A few weeks back during CakeFest 2014, I had the opportunity to hunker down and get DebugKit upgraded to CakePHP 3.0. While it was less of an upgrade and more of a re-design and re-write, I think the end results justify the drastic approach I took. First, a few of the problems I was trying to solve in the new version:
1. It is hard to make DebugKit look great as it lives on the same page as your app. Because the application CSS can easily apply to DebugKit it often ends up looking inconsistent or bad in many applications.
2. DebugKit adds gobs of HTML to the page which slows down application response times, often in very noticeable ways.
3. The history mode for DebugKit is very fragile.
Iframes and SQLite to the rescue
1. The host application loads the plugin, which adds a dispatcher filter.
2. The dispatcher filter attaches event listeners for each panel, and saves the results into a SQLite database when the request is complete.
4. Once the page has rendered, the small script file uses only native browser features to inject the iframe that hosts the toolbar and panels.
5. Each panel’s data is loaded via AJAX on-demand and inserted into the iframe.
6. Because iframes cannot resize themselves, the iframe buttons pass messages to the host page telling the loader script what dimensions to make the iframe.
7. Because all panels and data are loaded via XHR, the history mode works exactly the same as the standard operation.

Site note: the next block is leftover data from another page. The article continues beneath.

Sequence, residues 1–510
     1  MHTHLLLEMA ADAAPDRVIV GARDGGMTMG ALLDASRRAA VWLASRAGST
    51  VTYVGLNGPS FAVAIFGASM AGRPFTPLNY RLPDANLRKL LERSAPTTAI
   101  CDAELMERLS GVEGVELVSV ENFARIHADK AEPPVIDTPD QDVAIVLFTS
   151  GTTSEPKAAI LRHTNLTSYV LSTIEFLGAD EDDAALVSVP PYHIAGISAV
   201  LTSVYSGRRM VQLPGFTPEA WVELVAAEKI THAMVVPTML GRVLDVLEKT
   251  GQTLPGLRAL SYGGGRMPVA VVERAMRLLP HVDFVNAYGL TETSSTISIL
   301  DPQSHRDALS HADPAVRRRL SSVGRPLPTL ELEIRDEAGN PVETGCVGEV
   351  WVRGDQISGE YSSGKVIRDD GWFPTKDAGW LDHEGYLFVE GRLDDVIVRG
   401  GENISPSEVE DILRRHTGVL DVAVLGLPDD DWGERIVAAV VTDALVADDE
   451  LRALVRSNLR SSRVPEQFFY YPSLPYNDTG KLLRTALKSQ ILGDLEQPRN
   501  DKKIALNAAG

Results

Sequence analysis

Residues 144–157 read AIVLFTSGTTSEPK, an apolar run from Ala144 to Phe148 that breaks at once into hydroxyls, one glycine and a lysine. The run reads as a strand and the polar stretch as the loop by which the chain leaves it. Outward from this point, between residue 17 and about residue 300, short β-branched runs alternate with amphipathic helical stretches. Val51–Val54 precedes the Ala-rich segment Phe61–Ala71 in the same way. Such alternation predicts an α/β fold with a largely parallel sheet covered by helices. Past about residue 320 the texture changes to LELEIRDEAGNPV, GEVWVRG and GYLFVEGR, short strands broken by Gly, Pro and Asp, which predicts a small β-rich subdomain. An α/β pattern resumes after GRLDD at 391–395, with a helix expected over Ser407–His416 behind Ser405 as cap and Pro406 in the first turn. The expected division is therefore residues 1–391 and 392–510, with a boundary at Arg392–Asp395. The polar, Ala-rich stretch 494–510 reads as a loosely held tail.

Another interesting trick I used was that the SQLite database is created automatically. If the plugin detects that the schema is missing it will automatically create the required schema using the test fixtures. This meant I could avoid any dependencies on migrations or complicated installation instructions.
Not only has the functionality of DebugKit been updated for 3.0, the visual design has been refreshed as well:
On top of a faster/lighter architecture, and updated visuals DebugKit has several new features as well:
- Cache panel – A new panel has been added to track cache operations and allow you to easily clear your application caches.
- ORM auto model warnings – Auto-models can be a confusing feature if you don’t know they are being used. DebugKit will now warn you if your application uses any auto models.
- Summary data – As you may have seen in the screenshots, for panels that it applies to, the toolbar will show summary data. This lets you get a quick overview without having to open panels.
I’ll be updating the various other plugins I maintain in the next few weeks. I’ve already completed updating the Geshi Helper and will be working on AssetCompress next.